Security Jean Brisebois to resign.
"They are responsible for students and they
failed them," said Yves Engler, a student union
executive member. "If security calls in cops that "
subsequently gas students they should take
responsibility for it" "
To help ease tension on campus, the university is offering counselling to members of the
Concordia community who may be having difficulty coping with, the events of the past two *
weeks. -
Students who witnessed the violent demoii--*"
stration are still shocked it happened on their*59
campus!   .
"I saw a flag being burnt' It's sad," said
Sarah, a business student. "Everyone has so
much hate." ♦ .
Fishy business
by Lisa Johnson
On September 12, the BC government lifted a seven-year-old moratorium on the
expansion of the fish farming industry in
the province. The announcement raised
concerns from conservationists across the
The government also intends to stop the
Salmon Aquaculture Review (SAR).
According to a recent report by the
British Columbia Salmon Farming
Association, salmon production rose
from 22,259 to 62,000 during the
The ban forbade the establishment of
new sites for salmon aquaculture and said
requests for increases to production or
size of an existing site would be considered "under exceptional circumstances
Failure by salmon farm operators to
comply with these regulations and their
own management plans is one explana-
tifin for the near-tripling of BC-farmed
salmon production during the last seven
years. In 2001, for instance, over half of
BC's salmon farms were cultivating more
than their allowable biomass of fish,
either by expanding the area of their operations 6r by packing fish more tightly into
existing pens.
Dr John Volpe, a leading researcher on
salmon aquaculture in BC, was unsatisfied
with the state of salmon aquaculture
when the government removed the
"Even if you accept the SAR's findings, it
only gave a cautious nod to salmon farming
expansion if [its] 49 recommendations
were implemented," explains Volpe. "So
far, only six of them have been."
According to the provincial government's 2001 Finfish Aquaculture
.Compliance Report, 60 per cent of BC's
fish farms are operating in violation of
their management plans and government
"If we can't even clean up the mess
from existing fish farms, how can we
expect to control new farms?" said Clement
Lam of the Forest Action Network (FAN).
The moratorium was imposed in 1995
as a temporary prohibition to minimise the
expansion and impact of the industry while
the government and scientists analysed the
industry and developed new regulations.
The last regulation, which increased the
amount of waste a farm could dump without
obtaining a permit, fell into place
September 12, along with the lifting of the
Some fish farms grow salmon at 40 to
50kg per cubic meter, or ten times the density that they occur in nature, explains Dr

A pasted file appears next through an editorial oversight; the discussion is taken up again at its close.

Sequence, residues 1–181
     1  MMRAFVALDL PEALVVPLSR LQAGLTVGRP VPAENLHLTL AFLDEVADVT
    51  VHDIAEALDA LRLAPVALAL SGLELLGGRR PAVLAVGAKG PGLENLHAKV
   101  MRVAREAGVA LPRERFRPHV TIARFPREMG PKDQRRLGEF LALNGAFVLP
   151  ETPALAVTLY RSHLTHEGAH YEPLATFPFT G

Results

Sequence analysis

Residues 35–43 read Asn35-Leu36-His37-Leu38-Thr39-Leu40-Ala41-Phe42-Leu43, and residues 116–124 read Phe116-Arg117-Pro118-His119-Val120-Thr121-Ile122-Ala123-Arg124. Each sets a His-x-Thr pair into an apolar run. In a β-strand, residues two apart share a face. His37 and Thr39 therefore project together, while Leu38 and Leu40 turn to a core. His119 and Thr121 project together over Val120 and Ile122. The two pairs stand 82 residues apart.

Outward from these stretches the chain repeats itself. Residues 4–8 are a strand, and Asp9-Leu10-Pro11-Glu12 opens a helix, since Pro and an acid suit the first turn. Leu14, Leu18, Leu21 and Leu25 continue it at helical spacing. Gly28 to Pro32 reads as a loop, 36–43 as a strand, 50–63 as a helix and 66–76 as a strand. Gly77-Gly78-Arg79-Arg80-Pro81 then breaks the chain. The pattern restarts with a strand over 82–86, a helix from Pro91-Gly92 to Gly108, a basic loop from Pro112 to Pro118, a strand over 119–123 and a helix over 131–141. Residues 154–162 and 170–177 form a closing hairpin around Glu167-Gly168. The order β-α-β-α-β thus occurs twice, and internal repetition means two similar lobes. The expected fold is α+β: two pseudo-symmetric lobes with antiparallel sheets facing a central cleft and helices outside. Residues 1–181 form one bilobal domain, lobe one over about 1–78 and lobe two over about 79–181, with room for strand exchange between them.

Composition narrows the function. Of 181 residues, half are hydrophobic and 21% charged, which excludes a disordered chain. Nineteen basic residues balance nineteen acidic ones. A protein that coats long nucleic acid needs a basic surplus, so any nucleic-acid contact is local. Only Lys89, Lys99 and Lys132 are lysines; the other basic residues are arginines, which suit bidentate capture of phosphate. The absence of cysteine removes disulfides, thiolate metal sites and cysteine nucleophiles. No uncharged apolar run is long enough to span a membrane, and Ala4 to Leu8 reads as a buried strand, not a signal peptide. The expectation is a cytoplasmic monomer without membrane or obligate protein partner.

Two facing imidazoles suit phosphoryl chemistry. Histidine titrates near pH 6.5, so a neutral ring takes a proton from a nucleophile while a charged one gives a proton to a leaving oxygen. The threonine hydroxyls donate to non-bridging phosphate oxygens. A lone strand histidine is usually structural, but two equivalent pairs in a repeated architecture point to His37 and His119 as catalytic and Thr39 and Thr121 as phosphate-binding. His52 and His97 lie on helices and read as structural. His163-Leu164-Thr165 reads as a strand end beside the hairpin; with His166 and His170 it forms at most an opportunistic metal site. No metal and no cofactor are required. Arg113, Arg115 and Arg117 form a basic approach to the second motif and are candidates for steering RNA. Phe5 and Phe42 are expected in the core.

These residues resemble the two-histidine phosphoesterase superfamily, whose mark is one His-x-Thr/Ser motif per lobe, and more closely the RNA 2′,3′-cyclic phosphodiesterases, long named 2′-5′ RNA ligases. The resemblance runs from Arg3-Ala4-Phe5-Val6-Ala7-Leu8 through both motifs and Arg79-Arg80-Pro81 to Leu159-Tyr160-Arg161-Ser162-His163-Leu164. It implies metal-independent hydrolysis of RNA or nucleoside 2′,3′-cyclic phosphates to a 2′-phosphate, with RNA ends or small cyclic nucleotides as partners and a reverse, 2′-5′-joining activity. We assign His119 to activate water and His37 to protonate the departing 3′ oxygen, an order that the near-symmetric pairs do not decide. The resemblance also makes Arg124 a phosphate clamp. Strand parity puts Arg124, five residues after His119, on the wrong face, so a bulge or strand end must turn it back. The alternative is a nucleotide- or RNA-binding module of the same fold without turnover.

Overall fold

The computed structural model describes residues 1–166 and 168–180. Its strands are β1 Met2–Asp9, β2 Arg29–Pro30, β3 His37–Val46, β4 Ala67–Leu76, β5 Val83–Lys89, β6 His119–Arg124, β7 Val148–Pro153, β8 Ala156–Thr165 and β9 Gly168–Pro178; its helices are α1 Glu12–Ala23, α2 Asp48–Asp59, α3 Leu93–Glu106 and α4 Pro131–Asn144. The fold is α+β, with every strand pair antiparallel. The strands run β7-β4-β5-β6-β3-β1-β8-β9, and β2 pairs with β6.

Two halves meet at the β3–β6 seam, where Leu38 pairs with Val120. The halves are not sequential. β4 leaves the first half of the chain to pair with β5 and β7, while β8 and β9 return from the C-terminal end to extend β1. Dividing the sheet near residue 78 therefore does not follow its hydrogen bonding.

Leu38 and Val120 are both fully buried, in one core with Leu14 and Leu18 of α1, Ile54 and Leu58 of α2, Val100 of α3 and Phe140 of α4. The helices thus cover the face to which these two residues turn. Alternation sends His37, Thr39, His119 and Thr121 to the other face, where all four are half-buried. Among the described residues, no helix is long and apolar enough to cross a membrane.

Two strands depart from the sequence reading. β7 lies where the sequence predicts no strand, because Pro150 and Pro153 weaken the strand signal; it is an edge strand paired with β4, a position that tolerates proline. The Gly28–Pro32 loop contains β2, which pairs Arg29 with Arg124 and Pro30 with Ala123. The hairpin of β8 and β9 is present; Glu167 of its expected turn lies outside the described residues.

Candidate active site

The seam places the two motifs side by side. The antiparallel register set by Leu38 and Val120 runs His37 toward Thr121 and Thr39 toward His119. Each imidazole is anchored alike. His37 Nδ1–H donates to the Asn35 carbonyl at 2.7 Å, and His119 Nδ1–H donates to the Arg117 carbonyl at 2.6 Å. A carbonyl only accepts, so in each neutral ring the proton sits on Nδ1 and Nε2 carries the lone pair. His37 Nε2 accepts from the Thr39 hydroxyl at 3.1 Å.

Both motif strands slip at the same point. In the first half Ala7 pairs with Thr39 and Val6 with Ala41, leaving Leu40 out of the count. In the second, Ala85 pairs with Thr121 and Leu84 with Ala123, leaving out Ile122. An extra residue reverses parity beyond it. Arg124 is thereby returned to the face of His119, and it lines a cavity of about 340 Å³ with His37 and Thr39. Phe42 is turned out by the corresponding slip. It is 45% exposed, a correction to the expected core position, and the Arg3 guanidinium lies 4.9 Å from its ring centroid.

John Heath, owner of Yellow Island
Overstocked fish farms produce adverse
environmental arid health effects, such as
large amounts of organic waste which builds
up on the ocean floor in the form of uneaten
food, feces, and dead salmon and can
smother animals and plants.
High stocking densities also results
in more frequent and intense disease outbreaks that require treatment with pesticides and antibiotics, explains Heath,
who is also a physician. Prolonged
exposure to these chemicals can select
for resistant viruses, diseases and
parasites, which may affect wild salmon
The BC Ministry of Agriculture, Fish and
Food (MAFF) is aware that violations are
occurring. Its 2001 Compliance Report
identified "the inconsistency between
approved site-specific management plans
and actual on-site operations" as their primary concern.
Laurie MacBride, who served on the
provincial Salmon Aquaculture
Implementation Advisory Committee
before the moratorium ended, blames poor
monitoring and enforcement for this lack
of compliance.
"There are only six inspectors for the
entire coast," explains McBride, who now
works for a coalition of conservation
groups. "Enforcement is almost nil."
Except for one annual inspection by the
MAFF, fish farm operators monitor their
own facility and report their findings to
their region's aquaculture manager, a practice some groups feel don't hold farms
Unfazed by protests from conservation
groups as it lifted the moratorium, the government asserted that the MAFF "will
ensure that finfish farming is managed in
an environmentally sustainable manner
while enabling the growth of this important
"But how can the public be guaranteed
that this is being carried out in an adequate manner?" asked Genovali. With government reports of industry self-monitoring and low compliance with regulations,
environmental stakeholders remain
unconvinced. ♦
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International, Film Festival's line-up presents
an eclectic collection of ground-breaking cine-,
ma from around the world. The selection
includes an extended series of Special